"There are five dangerous traits of a general:
He who is reckless can be killed.
He who is cowardly can be captured.
He who is quick tempered can be insulted.
He who is moral can be shamed.
He who is fond of the people can be worried." Sun Tzu
Does it surprise anyone that being reckless can get you into a lot of trouble? So the idea seems simple. However, if you see this principle in practice, recklessness isn't a rarity. In fact, it seems to be a part of life.
The reason why recklessness is a part of life is because emotions are a part of life. Recklessness isn't a rarity because emotional self-control isn't a rarity.
Strong emotions, positive or negative, skew the way we make our decisions. Depending on our moods, we might not be aware of how they affect us. Depending on what just happened prior, we might not be aware of how that motivates or discourages us in our current decision making. Depending on deeply loved or hated the person saying something is, we might not be aware of how our feelings for that person cloud our perception of his or her words.
All the above are examples of recklessness because in a different scenario, our perception and thus our decisions would probably change. If our decision changes, yet the situation itself didn't change, then the difference -- and hence, the problem -- lies within us. That difference is a problem because we are not rigorous enough in our assessment of the world and thus not being fair to how we treat the people around us.
Sun Tzu goes a step further: those who are reckless can be killed. This is true in war and in violent conditions, but in the everyday where killings don't normally take place, they are terminated, rejected, or excluded.
Those who terminate, reject, or exclude are sometimes completely neutral. They simply don't have an interest in either our success or failure because they act in self-interest, which doesn't always align with ours. So they aren't necessarily our enemies when they act they way they do. Where they do harm is when their act is done in cold analysis without a trace of empathy, and they would do so even if it merely gives them some small advantage.
Therefore, when people act recklessly, they open themselves up to others exploiting their clear mistake, or at the very least, cause others to change their minds.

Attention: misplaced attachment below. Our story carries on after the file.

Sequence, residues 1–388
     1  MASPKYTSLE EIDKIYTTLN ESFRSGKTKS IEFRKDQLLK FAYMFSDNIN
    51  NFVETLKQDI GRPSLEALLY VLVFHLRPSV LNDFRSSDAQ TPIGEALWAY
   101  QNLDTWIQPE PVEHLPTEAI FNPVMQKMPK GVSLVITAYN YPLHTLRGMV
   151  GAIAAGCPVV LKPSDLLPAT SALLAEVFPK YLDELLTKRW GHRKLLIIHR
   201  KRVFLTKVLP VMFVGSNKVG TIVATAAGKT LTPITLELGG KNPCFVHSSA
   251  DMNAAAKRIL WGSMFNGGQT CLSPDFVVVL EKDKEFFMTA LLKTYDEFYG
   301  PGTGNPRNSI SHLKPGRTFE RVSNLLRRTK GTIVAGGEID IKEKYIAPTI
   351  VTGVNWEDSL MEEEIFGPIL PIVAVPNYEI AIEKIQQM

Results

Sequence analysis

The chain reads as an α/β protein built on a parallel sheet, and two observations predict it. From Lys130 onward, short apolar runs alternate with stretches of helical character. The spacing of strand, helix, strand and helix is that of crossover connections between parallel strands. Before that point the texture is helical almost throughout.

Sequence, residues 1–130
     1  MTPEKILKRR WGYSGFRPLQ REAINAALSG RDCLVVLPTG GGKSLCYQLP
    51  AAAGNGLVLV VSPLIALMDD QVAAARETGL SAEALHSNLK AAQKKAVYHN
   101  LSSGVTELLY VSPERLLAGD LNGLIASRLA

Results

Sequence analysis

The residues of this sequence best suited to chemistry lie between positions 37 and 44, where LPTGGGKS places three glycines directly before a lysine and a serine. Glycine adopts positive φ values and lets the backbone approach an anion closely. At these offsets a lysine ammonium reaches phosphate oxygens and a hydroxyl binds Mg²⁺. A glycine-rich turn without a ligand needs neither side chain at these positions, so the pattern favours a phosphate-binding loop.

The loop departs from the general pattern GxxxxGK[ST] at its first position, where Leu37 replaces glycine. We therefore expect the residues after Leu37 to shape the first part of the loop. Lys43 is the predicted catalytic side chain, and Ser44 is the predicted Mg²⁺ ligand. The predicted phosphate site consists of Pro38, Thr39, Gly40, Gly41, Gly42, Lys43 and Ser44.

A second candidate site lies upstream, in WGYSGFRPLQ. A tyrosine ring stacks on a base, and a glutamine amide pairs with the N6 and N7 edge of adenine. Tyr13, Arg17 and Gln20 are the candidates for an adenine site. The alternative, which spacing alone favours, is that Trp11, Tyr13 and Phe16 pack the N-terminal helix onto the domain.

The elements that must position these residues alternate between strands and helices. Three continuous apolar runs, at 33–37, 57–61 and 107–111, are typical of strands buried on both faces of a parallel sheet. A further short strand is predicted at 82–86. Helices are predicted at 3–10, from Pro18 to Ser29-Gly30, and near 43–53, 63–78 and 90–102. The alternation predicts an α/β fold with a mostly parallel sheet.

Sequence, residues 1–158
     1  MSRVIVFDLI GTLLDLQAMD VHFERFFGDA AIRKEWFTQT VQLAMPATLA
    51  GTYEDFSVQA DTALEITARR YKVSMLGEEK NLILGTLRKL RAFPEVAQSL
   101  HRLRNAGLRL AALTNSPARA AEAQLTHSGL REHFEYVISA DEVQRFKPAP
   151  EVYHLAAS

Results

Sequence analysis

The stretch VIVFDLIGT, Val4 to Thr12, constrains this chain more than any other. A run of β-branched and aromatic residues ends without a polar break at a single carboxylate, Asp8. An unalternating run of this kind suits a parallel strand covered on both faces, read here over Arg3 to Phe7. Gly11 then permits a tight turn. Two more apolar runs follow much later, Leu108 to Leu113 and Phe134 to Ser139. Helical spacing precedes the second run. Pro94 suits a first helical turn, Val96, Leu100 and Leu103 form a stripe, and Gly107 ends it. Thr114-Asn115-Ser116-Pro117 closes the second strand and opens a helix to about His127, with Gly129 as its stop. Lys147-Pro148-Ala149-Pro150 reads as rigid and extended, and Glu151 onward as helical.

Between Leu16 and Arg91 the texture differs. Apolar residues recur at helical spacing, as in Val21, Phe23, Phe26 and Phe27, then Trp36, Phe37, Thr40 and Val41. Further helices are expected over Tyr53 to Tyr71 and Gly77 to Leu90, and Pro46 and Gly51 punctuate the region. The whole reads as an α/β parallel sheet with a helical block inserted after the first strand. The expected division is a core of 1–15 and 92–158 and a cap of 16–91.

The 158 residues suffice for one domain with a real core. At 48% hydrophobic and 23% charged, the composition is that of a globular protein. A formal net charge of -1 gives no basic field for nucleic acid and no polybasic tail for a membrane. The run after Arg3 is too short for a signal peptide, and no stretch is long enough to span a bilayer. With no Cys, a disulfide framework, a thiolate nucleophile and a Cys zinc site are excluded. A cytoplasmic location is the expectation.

In my experience, recklessness is predominately a matter of maturity. It is an act I see much too often in young people. However, I believe this is perfectly natural. It is perfectly natural that young people act recklessly when they are not mature yet. Older people tend to get upset with young people for making dumb mistakes, but they conveniently forget how they first started out. They, too, needed time to mature and had their share of dumb mistakes. It is also unfair and unreasonable to expect children to act like adults -- especially when the adults themselves aren't exactly role models.
Recklessness can be controlled through controlling your emotions. Impatience, lack of empathy, and reacting in an extreme manner are common culprits.
One good way you can become proficient at controlling your emotions is through consistent practice in tough situations. Develop for yourself a sort of personal training program that involves taking on moments that would leave you feeling impatient, sounding angry, or doing something mean.
When in doubt, don't say or do anything, but if you must say or do something, make them kind words or actions.
I would be reckless to not include another culprit: ego. Sometimes decisions are made that won't help the situation except to stroke the ego, which ultimately helps no one, even the person being stroked. Ego is also synonymous with greed and selfishness. Others might use this to their advantage by baiting a person who is egoistical, greedy, or selfish since he or she is quite predictable in behavior.
The opposite of recklessness is prudence. Prudence can be achieved by examining each situation carefully before taking action. You can visualize taking an object and analyzing every aspect of that object. You are critiquing without being critical. This is what you can do whenever you encounter a person or scenario in life. No one can take advantage of you when you do this because a proper decision can be defended in the highest courts and on the front page of the Wall Street Journal or the New York Times.